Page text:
I have a question that may seem stupid, but I really don't understand.
Everyone on this site talks about NYC, LA, DC, Chicago, Boston, etc. as the big legal markets where "people make the most money" and where people need to work to pay off their debts from law school. I undertand that BigLaw starting salaries in these cities are around $160,000/year.
But if you worked in Miami, Houston, Atlanta, or another mid-range market making $140,000/year, wouldn't that actually be more disposable income takin into account that living costs are extremely high in NYC, DC, Cali, etc.?
So for money, wouldn't you actually want the highest paying firm in a secondary market? Maybe this reasoning is totally wrong. Please help me figure out why every law student seems to want to work in NYC or DC upon graduation and how this affects law school choice.
Because these cities are much more exciting to live in? It all boils down to preference, but I moved down to Florida from Chicago and the cities down here just don't compare, whether it's Tampa, Orlando or Miami. There's just not as many neighborhoods filled with young, highly-educated people that have unique and/or interesting bars, clubs, architecture, parks, etc. Downtown Orlando is okay, Ybor is awesome, Soho is good, Downtown St. Pete is decent, South Beach is awesome, I haven't been to Brickell yet, but I hear it good things, etc. But Chicago in and of itself has twice as many of these kinds of action-packed, young, educated nieghborhoods than the entire state of Florida. Wicker Park/Bucktown, Ukrainian Village, Lakeview, Wrigleyville, Lincoln Park, Logan Square, Old Town, Boys Town (if you're a gay male), Andersonville (if you're a gay female), the Weed Street area, the Gold Coast, plus a lot of other areas that are just as awesome for slightly older folks. The local music scene in Chicago is far better, and the public transportation is truly awesome. You really don't even need to own a car. I've only been to NYC once, but it seems just like Chicago, only twice as much of the above. Florida's cities just aren't as cool (and neither is Atlanta, for that matter). They're planned in a haphazard, sprawling manner, the public transportation absolutely sucks, the schools are not as good, the upper-middle class are secluded in boring gated communities, there's little to no mixed zoning, there's a ton of old people and retirees, there's an unusual amount of toll roads, there's still a lot of rednecks, etc.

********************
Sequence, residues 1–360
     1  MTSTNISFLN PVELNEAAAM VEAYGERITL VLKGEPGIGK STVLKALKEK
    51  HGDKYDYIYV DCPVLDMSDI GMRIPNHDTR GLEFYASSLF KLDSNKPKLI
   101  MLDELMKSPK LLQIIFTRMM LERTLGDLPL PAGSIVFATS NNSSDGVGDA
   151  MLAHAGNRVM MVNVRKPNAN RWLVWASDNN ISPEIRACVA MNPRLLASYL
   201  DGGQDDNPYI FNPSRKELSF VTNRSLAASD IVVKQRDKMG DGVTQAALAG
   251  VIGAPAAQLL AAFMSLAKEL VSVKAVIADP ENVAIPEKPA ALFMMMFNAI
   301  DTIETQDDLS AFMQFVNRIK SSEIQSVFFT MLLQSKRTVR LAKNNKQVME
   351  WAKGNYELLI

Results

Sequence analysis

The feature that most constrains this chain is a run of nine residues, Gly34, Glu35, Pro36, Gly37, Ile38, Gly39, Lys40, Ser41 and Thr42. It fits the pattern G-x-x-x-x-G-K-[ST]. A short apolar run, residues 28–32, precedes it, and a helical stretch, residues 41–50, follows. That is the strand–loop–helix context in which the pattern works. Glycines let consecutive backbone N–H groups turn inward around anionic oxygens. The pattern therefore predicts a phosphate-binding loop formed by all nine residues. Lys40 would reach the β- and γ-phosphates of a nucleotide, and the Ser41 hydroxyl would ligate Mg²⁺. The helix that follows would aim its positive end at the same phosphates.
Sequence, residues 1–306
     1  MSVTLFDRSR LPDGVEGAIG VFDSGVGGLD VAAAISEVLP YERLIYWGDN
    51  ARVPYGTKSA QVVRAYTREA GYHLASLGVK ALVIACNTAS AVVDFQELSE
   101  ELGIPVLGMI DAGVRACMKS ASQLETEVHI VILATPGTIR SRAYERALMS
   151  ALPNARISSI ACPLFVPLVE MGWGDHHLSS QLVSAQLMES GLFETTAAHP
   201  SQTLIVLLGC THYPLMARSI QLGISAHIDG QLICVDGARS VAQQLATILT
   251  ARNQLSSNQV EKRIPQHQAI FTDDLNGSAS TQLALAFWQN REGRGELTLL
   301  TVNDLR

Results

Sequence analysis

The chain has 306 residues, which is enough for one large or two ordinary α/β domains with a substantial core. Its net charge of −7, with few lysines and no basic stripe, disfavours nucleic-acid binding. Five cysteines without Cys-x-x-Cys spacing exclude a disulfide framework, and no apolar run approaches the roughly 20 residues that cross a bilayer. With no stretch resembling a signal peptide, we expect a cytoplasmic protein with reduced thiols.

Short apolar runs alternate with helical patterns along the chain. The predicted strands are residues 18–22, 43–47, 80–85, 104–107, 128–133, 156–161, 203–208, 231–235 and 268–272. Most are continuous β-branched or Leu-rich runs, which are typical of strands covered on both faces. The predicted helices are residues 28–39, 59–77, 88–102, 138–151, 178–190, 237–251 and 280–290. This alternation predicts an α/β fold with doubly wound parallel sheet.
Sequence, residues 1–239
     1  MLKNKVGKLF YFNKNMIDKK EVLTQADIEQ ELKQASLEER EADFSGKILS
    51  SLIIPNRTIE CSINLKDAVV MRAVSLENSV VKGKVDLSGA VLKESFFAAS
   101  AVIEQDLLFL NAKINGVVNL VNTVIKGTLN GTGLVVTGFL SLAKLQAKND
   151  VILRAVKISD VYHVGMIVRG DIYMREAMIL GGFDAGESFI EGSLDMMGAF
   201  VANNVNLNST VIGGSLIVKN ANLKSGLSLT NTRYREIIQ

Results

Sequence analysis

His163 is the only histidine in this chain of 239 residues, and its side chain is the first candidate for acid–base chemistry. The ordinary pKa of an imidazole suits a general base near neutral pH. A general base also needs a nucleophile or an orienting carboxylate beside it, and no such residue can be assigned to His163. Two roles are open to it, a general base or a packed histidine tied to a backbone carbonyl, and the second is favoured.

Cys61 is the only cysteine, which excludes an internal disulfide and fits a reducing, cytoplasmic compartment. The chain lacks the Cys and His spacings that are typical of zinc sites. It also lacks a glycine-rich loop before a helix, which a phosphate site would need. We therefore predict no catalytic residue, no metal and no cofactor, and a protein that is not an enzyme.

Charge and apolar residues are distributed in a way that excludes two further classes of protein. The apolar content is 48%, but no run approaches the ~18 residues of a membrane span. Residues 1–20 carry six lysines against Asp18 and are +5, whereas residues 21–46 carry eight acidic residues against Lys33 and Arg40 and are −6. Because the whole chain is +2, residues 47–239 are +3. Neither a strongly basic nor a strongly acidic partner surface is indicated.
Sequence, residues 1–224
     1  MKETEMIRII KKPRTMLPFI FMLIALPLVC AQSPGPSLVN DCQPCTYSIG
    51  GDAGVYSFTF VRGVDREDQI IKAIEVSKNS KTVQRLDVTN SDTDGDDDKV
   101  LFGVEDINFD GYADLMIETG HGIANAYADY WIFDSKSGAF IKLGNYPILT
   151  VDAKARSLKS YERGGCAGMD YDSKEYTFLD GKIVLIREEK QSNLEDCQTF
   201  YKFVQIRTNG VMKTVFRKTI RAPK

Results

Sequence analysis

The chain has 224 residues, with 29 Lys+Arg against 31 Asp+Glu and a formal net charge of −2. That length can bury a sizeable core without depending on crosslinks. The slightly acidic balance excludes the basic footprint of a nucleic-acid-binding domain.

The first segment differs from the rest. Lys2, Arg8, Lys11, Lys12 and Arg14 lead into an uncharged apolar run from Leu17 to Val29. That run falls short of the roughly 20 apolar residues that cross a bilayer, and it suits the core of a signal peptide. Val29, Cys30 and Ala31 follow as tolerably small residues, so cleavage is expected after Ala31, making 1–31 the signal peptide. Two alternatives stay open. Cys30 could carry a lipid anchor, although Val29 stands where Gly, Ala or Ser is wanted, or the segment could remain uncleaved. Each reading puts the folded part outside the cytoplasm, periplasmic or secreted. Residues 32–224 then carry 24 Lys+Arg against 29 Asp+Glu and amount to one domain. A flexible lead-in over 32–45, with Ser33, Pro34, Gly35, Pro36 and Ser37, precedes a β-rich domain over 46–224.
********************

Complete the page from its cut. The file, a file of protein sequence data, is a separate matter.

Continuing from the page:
There's two things down here that are better: lower taxes and the beaches, and if you live down here the whole year, the weather is overrated. Yes, it is relatively better November through February and awesome March through May, but try living through 135 consecutive 95 degree, 75% humidity days from June to Mid-October. It's not all that much better than a Midwestern winter, especially after you take a look at your A/C bill.
Anyway, that's just my opinion. As a single, well-educated, still kind of young male, I'm simply looking for a different atmosphere in which to live. If I was married and planned to start a family, markets outside SF, NYC and Chicago would probably interest me less (although not much less). I could see how some people who aren't interested in being socialites could differ dramatically, but I think my type are the kind most likely to want to go to law school.